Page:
Feeding Methionine to Laying Hens in Drinking Water

Cadirci, Sahin (2001) Feeding Methionine to Laying Hens in Drinking Water. PhD thesis, University of Glasgow.

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The present study intended to demonstrate the appetite of laying hens for methionine when offered as a choice in drinking water. Methionine, the first limiting amino acid in practical layer diets is currently provided in the feed in constant amounts. In contrast to this arguable practice, its addition to the drinking water would enable the birds to consume amounts according to their actual methionine requirements. Ten experiments were performed to investigate the conditions of this way of delivery. For the first 5 experiments ISA Brown, for the second 5 Lohmann layers were used. 1) Two preliminary tests determined that a minimum of 140 g/kg dietary crude protein (CP) is necessary for normal egg production of at least 90% of commercial target values, and that the typical feed intake / water intake ratio is 1:1.44. 2) Initially, the appetite of layers for methionine in drinking water was investigated by subjecting them to the combinations of feed adequate or deficient in methionine, and plain or methionine-treated water. Neither cues nor training were used. In the choice situation, the birds could not express an appetite for treated water. 4) Colour cues and training of the birds were introduced to enable birds to express an appetite for methionine-treated water. The choices made in favour of treated water were 98.9% in a period of 5 days, and 93.9% when the position of the bottles was swapped. 5) Methionine deficiency resulted in decreased feed and water intake which were restored when methionine was added to the diet. The way of delivery (in water or feed) was insignificant in this effect, indicating that the source of methionine does not influence normal appetite. 6) Next, the birds' ability to regulate their intake of methionine was investigated. The introduction of an additional colour was expected to avoid the association of plain water with the effects of methionine deficiency, thus in the choice situation, neither the treated nor the plain water had a "history" of causing discomfort to the birds previously. Yet, the birds did not stop the consumption of the treated water even when they had satisfied their methionine requirements, indicating that they can not regulate methionine intake. 7) The detection threshold for methionine was investigated by using different levels of methionine in the drinking water in combination with methionine- deficient feed. It was found that the minimum level of methionine in drinking water for which birds can express appetite is at least 0.025%. 8) The investigations on the metabolic effects of methionine deficiency showed that the birds respond to the deficiency by reducing their feed intake, which decrease becomes significant after eight hours. 9) The hypothesis was examined that giving a methionine-deficient diet in the last 5 hours of the feeding period, the birds will reduce their feed intake in the following morning even if they are fed on an adequate diet that time. It is indicated that the time of receiving a methionine-deficient diet is closely associated with the time of feed intake depression. 10) Determination of the threshold period of training of the birds showed that the using of an 8-hours exposure time resulted in a more than 90% of choices for methionine-treated water. 11) The memory of the birds was tested once after a period of 15 days and again after a period of 45 days on commercial diet. In the subsequent choice situation, birds receiving the 8-hours treatment showed a strong preference for methionine indicating that birds memory last at least 45 days. 12) It was shown that 2.1 g/kg methionine in the feed was deficient for almost all the birds. Birds receiving adequate or nearly adequate amounts of methionine do not feel the physiological effects of deficiency. These birds do not select methionine treated water in a choice situation. The main conclusions of the study are that the source of methionine is insignificant in terms of feed intake, and that layers can express an appetite for methionine in drinking water with the aid of a cue and adequate training.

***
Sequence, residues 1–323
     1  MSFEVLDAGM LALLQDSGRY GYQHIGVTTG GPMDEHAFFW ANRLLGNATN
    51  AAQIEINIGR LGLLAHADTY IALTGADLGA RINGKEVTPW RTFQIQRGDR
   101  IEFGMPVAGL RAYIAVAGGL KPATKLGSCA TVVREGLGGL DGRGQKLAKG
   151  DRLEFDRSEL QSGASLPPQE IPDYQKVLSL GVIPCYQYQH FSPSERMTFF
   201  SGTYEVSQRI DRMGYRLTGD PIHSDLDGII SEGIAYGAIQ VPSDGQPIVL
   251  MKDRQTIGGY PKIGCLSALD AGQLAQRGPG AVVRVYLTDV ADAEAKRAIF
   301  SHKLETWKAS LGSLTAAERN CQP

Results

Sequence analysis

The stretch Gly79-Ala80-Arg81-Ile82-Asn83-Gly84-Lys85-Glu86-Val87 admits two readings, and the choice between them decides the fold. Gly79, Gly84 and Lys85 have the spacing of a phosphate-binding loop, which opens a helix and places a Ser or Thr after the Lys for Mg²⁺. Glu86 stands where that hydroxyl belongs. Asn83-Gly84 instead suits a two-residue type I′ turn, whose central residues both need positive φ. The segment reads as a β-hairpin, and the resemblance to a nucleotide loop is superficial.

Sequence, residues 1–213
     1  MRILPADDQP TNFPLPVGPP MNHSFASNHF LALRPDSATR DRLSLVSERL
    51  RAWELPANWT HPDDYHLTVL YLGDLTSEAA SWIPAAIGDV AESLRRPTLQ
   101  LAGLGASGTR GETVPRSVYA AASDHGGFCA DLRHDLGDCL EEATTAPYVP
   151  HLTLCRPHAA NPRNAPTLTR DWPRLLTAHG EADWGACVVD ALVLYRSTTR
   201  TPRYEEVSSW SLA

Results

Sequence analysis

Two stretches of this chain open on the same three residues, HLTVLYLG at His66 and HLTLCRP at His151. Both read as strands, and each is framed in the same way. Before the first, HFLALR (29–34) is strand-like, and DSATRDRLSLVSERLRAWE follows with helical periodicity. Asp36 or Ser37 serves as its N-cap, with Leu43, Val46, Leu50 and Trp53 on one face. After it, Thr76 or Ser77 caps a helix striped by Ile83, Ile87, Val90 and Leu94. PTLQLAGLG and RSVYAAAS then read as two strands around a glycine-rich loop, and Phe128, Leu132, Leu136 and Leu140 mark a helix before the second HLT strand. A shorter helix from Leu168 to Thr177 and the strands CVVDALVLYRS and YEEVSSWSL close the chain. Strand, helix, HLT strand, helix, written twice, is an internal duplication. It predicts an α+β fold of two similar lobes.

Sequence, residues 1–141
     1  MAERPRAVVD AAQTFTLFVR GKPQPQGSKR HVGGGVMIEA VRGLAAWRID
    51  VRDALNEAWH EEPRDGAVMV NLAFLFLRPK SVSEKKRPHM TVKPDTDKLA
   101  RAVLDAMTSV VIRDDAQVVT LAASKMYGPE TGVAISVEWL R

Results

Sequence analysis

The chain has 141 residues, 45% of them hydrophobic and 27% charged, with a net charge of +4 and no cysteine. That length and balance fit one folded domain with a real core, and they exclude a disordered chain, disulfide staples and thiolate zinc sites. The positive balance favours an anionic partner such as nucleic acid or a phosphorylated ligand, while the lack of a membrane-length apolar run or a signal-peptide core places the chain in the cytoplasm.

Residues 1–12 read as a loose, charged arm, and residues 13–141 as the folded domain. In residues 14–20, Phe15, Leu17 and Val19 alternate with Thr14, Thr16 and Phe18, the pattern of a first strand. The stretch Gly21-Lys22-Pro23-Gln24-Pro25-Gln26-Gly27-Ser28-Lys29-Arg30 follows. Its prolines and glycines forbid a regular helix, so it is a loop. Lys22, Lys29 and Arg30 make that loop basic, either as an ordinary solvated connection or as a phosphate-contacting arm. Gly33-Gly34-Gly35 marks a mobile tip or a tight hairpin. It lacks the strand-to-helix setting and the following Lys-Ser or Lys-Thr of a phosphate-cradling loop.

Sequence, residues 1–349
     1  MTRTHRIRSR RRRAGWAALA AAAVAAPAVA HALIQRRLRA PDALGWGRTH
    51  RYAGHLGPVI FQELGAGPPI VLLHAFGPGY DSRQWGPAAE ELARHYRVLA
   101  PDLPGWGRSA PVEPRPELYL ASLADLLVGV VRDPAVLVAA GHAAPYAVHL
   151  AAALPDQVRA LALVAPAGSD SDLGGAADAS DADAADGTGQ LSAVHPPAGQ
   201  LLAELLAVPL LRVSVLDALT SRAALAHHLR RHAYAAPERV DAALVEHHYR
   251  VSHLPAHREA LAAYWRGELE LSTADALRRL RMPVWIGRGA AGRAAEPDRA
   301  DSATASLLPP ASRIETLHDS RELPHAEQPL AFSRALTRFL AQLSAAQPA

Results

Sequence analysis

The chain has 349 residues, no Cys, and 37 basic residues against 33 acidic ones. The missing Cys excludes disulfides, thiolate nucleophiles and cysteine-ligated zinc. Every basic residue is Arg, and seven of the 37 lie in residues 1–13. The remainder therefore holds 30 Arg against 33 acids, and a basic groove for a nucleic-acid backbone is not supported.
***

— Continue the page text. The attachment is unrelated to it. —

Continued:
Item Type: Thesis (PhD)
Qualification Level: Doctoral
Additional Information: Adviser: Kingsley W Smith
Keywords: Animal sciences
Date of Award: 2001
Depositing User: Enlighten Team
Unique ID: glathesis:2001-75745
Copyright: Copyright of this thesis is held by the author.
Date Deposited: 19 Nov 2019 18:17
Last Modified: 19 Nov 2019 18:17
URI: https://theses.gla.ac.uk/id/eprint/75745

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